Is US being weak - or careful - on Hong Kong protests? (+video)
As pro-democracy protests continue in Hong Kong, critics are calling for US sanctions on China. But, as long as the demonstrations remain largely peaceful, some US-China experts counter that the US is right to take a cautious approach, especially publicly.
As pro-democracy protesters have filled central Hong Kong – and ignored orders to disband – the United States has toed a careful line: supporting Hong Kongers’ right to free expression, but avoiding public criticism of China and the political decisions out of Beijing that sparked the protests.
“The United States supports universal suffrage in Hong Kong in accordance with the basic law and we support the aspirations of the Hong Kong people,” White House spokesman Josh Earnest said this week.
Yet with each day that the protesters refuse to back down, the cautious US approach risks looking increasingly thin and weak on democracy, supporters of a more robust US response say. Some are already calling for sanctions along the lines of those slapped on China in the aftermath of the 1989 Tiananmen Square protests.
The get-tough-with-China-now camp is also blasting Britain for what some saw as a wobbly show of support for the protest movement. The government of Prime Minister David Cameron said it was monitoring the demonstrations closely and that the people’s rights need to be “preserved” even as the protesters need to exercise those rights “within the law.”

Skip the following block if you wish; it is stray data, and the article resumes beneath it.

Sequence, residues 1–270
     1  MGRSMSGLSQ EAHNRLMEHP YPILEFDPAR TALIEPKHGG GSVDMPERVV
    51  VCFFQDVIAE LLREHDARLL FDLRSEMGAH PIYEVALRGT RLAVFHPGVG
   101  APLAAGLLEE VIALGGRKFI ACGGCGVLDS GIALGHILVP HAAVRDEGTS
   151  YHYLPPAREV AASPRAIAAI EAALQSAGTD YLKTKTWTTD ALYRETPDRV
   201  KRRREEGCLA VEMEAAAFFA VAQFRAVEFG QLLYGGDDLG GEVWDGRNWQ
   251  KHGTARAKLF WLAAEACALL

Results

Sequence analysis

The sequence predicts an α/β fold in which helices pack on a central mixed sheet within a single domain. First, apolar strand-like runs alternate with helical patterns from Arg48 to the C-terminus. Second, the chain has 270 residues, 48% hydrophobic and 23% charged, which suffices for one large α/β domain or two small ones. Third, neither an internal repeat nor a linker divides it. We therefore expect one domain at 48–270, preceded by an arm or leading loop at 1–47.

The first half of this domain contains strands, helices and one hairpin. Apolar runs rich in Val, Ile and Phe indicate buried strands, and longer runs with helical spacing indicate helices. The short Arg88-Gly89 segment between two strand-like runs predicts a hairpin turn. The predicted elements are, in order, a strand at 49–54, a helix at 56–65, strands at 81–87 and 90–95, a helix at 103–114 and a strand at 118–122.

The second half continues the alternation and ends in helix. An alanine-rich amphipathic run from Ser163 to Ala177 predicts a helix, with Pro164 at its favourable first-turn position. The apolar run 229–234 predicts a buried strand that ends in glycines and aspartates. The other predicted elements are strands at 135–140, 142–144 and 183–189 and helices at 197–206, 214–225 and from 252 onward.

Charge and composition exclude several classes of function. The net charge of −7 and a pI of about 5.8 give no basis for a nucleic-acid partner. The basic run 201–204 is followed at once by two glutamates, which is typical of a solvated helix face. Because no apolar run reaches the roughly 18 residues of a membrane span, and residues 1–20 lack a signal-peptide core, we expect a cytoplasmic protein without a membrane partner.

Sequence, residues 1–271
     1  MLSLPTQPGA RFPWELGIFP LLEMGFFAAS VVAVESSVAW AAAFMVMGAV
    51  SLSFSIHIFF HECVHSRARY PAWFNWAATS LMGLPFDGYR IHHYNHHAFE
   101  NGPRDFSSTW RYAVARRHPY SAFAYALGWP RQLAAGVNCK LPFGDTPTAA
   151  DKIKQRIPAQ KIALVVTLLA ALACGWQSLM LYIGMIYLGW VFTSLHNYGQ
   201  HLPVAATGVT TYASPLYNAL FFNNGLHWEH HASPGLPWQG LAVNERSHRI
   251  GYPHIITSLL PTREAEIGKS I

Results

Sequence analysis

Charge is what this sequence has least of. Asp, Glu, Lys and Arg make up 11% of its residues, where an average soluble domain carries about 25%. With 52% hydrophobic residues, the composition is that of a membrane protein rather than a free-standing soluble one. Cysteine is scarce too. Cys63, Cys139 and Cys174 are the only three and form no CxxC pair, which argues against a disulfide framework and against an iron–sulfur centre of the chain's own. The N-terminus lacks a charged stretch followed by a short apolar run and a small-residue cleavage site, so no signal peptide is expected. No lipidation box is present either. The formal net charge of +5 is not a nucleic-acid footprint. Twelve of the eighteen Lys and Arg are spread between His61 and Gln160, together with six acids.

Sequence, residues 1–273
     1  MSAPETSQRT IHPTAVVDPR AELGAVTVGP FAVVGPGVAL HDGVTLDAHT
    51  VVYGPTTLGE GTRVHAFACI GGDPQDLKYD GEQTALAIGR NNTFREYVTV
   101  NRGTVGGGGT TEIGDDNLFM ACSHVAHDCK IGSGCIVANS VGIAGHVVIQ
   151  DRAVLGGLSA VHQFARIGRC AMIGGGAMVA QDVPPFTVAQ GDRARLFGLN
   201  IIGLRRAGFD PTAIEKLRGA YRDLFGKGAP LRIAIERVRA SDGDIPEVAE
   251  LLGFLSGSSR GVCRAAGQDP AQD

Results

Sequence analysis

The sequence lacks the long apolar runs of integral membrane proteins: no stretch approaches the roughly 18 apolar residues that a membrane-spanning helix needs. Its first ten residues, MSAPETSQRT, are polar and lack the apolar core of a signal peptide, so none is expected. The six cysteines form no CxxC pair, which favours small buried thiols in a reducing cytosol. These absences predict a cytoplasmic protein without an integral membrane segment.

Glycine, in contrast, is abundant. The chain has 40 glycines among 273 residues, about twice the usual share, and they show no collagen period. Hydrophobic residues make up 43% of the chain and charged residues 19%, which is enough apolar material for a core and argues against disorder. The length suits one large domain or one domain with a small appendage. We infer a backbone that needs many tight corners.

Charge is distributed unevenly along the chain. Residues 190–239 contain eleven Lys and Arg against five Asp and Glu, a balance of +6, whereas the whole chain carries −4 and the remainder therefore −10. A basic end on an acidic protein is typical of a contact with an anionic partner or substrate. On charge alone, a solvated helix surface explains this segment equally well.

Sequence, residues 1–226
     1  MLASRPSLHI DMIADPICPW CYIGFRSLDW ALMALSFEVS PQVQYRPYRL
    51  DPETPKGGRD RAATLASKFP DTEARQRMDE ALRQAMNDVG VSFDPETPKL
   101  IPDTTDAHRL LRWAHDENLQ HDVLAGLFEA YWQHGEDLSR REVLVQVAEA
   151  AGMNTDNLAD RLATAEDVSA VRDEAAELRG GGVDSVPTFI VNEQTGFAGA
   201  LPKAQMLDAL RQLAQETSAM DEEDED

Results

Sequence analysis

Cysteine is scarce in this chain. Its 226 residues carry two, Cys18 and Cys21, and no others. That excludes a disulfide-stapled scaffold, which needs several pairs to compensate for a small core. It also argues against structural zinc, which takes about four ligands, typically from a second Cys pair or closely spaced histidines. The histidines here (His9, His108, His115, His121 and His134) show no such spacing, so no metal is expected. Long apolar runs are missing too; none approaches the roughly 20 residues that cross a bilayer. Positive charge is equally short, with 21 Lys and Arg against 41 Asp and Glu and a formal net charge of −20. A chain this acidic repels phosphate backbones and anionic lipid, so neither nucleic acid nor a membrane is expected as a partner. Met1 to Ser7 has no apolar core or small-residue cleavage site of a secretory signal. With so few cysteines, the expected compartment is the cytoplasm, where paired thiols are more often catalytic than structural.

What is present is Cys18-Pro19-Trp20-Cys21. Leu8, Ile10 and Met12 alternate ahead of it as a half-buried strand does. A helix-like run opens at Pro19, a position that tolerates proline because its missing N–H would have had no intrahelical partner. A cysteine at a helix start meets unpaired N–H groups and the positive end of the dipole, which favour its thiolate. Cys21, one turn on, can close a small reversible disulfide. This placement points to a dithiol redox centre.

But some US-China experts counter that the US is right to take a cautious approach, especially in its public comments on what is still an evolving – and so far largely peaceful – struggle.
“Washington has to walk a fairly careful line here, especially when you have the Chinese already making the claim, unfortunately, that the Hong Kong protests are externally motivated,” says Dean Cheng, senior research fellow at the Heritage Foundation’s Asian Studies Center in Washington. “Any really overt level of support for the protesters’ demands would only reinforce those claims.”
What should be occurring behind the scenes, Mr. Cheng adds, is a strong message to Chinese officials – and in particular to President Xi Jinping – that repression cannot be an option, and that how Beijing resolves the crisis will have significant repercussions for Hong Kong’s and China’s relations with the world.
“I would hope that Washington is making it very clear that 25 years after Tiananmen Square, the world is smaller, the whole world is watching Hong Kong, and that any forceful suppression of the Hong Kong protests will result in an even stronger backlash against China than in 1989,” he says.
The Hong Kong protests were sparked by Beijing’s recent announcement that, while it will allow the city’s next chief executive to be elected by universal suffrage in elections set for 2017, it will now insist on vetting the candidates. Pro-democracy demonstrators say the new restrictions violate the “basic law” adopted when the former British colony was turned over to Beijing in 1997.
As Mr. Xi navigates what is arguably the first crisis of his tenure, Cheng says the Chinese leader is being pulled between two key demands: to “stay firm, stay strong” toward the protesters on one hand, but to “keep Hong Kong viable as a world financial center” on the other.
Especially with the Chinese economy slowing, the US can remind Beijing of its interest in seeing Hong Kong remain a top international investment destination and not a new symbol of Chinese repression, Cheng says – but again, that kind of diplomacy should be carried out in private, he says.
Xi also can be reminded that Beijing’s vision of “one country, two systems” is being tested in Hong Kong and watched closely, Cheng says – by the whole world in a general sense, but with particular interest by Taiwan, he adds, where Beijing wants to see that same vision applied.